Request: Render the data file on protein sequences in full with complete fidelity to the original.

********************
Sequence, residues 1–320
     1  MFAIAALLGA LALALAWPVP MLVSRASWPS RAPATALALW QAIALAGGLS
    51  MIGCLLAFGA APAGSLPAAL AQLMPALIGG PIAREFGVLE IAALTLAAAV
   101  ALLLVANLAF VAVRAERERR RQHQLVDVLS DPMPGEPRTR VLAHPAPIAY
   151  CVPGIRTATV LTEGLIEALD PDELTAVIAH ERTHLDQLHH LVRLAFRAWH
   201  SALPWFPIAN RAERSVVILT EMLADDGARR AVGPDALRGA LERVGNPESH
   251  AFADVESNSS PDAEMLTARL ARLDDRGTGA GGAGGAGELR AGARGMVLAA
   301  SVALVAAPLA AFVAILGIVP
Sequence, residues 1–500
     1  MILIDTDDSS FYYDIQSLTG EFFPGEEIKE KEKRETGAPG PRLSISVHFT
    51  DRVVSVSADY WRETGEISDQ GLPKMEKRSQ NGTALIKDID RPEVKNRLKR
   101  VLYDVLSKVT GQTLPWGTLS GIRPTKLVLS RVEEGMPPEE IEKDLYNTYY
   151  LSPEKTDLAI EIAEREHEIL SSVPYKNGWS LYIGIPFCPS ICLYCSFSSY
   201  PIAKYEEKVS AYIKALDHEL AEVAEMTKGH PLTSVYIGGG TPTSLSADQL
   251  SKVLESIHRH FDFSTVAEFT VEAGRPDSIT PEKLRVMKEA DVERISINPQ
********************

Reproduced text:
Sequence, residues 1–320
     1  MFAIAALLGA LALALAWPVP MLVSRASWPS RAPATALALW QAIALAGGLS
    51  MIGCLLAFGA APAGSLPAAL AQLMPALIGG PIAREFGVLE IAALTLAAAV
   101  ALLLVANLAF VAVRAERERR RQHQLVDVLS DPMPGEPRTR VLAHPAPIAY
   151  CVPGIRTATV LTEGLIEALD PDELTAVIAH ERTHLDQLHH LVRLAFRAWH
   201  SALPWFPIAN RAERSVVILT EMLADDGARR AVGPDALRGA LERVGNPESH
   251  AFADVESNSS PDAEMLTARL ARLDDRGTGA GGAGGAGELR AGARGMVLAA
   301  SVALVAAPLA AFVAILGIVP
Sequence, residues 1–500
     1  MILIDTDDSS FYYDIQSLTG EFFPGEEIKE KEKRETGAPG PRLSISVHFT
    51  DRVVSVSADY WRETGEISDQ GLPKMEKRSQ NGTALIKDID RPEVKNRLKR
   101  VLYDVLSKVT GQTLPWGTLS GIRPTKLVLS RVEEGMPPEE IEKDLYNTYY
   151  LSPEKTDLAI EIAEREHEIL SSVPYKNGWS LYIGIPFCPS ICLYCSFSSY
   201  PIAKYEEKVS AYIKALDHEL AEVAEMTKGH PLTSVYIGGG TPTSLSADQL
   251  SKVLESIHRH FDFSTVAEFT VEAGRPDSIT PEKLRVMKEA DVERISINPQ